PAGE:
Start containers automatically
Docker provides restart policies to control whether your containers start automatically when they exit, or when Docker restarts. Restart policies start linked containers in the correct order. Docker recommends that you use restart policies, and avoid using process managers to start containers.
Restart policies are different from the
--live-restore flag of the
--live-restore lets you to keep your containers running during
a Docker upgrade, though networking and user input are interrupted.
To configure the restart policy for a container, use the
when using the
docker run command. The value of the
--restart flag can be
any of the following:
|Don't automatically restart the container. (Default)
|Restart the container if it exits due to an error, which manifests as a non-zero exit code. Optionally, limit the number of times the Docker daemon attempts to restart the container using the
:max-retries option. The
on-failure policy only prompts a restart if the container exits with a failure. It doesn't restart the container if the daemon restarts.
|Always restart the container if it stops. If it's manually stopped, it's restarted only when Docker daemon restarts or the container itself is manually restarted. (See the second bullet listed in restart policy details)
always, except that when the container is stopped (manually or otherwise), it isn't restarted even after Docker daemon restarts.
The following command starts a Redis container and configures it to always restart, unless the container is explicitly stopped, or the daemon restarts.
$ docker run -d --restart unless-stopped redis
The following command changes the restart policy for an already running
$ docker update --restart unless-stopped redis
The following command ensures all running containers restart.
$ docker update --restart unless-stopped $(docker ps -q)
Keep the following in mind when using restart policies:
A restart policy only takes effect after a container starts successfully. In this case, starting successfully means that the container is up for at least 10 seconds and Docker has started monitoring it. This prevents a container which doesn't start at all from going into a restart loop.
If you manually stop a container, the restart policy is ignored until the Docker daemon restarts or the container is manually restarted. This prevents a restart loop.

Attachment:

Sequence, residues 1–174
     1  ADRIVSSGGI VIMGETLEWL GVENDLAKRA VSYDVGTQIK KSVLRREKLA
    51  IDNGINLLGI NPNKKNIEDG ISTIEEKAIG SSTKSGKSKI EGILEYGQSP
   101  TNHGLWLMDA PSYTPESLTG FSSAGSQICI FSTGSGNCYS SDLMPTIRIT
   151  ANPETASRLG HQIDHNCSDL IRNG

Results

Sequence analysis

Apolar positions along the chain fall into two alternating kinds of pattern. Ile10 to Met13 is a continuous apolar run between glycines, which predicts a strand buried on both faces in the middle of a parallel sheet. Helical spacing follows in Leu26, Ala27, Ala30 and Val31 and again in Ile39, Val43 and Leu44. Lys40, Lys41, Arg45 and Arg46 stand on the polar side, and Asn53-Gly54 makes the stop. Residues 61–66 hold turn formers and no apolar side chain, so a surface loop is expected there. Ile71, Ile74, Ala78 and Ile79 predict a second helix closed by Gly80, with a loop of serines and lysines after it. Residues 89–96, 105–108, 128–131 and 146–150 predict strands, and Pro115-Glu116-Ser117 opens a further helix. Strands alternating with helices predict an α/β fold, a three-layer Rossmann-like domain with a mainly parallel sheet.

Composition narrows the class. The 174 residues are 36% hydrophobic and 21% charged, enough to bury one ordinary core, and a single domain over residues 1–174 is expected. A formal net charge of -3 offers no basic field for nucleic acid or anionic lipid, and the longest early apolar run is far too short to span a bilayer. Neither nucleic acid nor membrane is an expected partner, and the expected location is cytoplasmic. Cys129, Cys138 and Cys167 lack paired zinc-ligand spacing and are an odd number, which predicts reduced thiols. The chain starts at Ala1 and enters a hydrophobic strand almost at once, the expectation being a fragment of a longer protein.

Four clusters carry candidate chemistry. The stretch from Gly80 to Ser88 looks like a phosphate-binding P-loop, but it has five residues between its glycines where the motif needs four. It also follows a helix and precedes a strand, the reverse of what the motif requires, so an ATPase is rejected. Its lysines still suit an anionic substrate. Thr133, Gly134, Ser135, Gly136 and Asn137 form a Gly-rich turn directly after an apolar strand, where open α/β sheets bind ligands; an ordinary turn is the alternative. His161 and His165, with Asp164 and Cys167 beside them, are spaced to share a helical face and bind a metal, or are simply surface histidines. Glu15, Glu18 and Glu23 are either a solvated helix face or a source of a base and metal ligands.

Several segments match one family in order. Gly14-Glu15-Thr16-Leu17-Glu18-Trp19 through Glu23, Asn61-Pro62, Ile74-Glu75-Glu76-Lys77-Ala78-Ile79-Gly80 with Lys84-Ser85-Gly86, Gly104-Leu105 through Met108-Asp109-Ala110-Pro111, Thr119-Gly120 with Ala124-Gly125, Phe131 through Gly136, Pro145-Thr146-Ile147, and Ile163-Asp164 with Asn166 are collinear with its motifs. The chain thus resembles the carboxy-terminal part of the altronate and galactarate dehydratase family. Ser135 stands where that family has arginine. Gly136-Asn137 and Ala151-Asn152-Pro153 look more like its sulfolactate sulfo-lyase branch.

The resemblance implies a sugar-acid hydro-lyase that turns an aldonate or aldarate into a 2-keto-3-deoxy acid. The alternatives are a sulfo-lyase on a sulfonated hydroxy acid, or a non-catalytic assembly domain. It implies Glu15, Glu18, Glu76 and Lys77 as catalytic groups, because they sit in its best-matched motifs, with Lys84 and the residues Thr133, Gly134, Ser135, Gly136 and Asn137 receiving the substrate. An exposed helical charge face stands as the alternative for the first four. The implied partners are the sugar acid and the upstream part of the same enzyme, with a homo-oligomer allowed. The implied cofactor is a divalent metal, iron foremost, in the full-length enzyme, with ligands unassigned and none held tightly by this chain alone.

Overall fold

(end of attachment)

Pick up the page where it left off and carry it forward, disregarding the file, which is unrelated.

Restart policies only apply to containers. To configure restart policies for Swarm services, see flags related to service restart.
When you run a container in the foreground, stopping a container causes the attached CLI to exit as well, regardless of the restart policy of the container. This behavior is illustrated in the following example.
Create a Dockerfile that prints the numbers 1 to 5 and then exits.
FROM busybox:latest COPY --chmod=755 <<"EOF" /start.sh echo "Starting..." for i in $(seq 1 5); do echo "$i" sleep 1 done echo "Exiting..." exit 1 EOF ENTRYPOINT /start.sh
Build an image from the Dockerfile.
$ docker build -t startstop .
Run a container from the image, specifying
alwaysfor its restart policy.
The container prints the numbers 1..5 to stdout, and then exits. This causes the attached CLI to exit as well.
$ docker run --restart always startstop Starting... 1 2 3 4 5 Exiting... $
docker psshows that is still running or restarting, thanks to the restart policy. The CLI session has already exited, however. It doesn't survive the initial container exit.
$ docker ps CONTAINER ID IMAGE COMMAND CREATED STATUS PORTS NAMES 081991b35afe startstop "/bin/sh -c /start.sh" 9 seconds ago Up 4 seconds gallant_easley
You can re-attach your terminal to the container between restarts, using the
docker container attachcommand. It's detached again the next time the container exits.
$ docker container attach 081991b35afe 4 5 Exiting... $
Don't combine Docker restart policies with host-level process managers, as this creates conflicts.
To use a process manager, configure it to start your container or service using
docker start or
docker service command you would normally use to
start the container manually. Consult the documentation for the specific
process manager for more details.
Process managers can also run within the container to check whether a process is running and starts/restart it if not.
These aren't Docker-aware, and only monitor operating system processes within the container. Docker doesn't recommend this approach, because it's platform-dependent and may differ between versions of a given Linux distribution.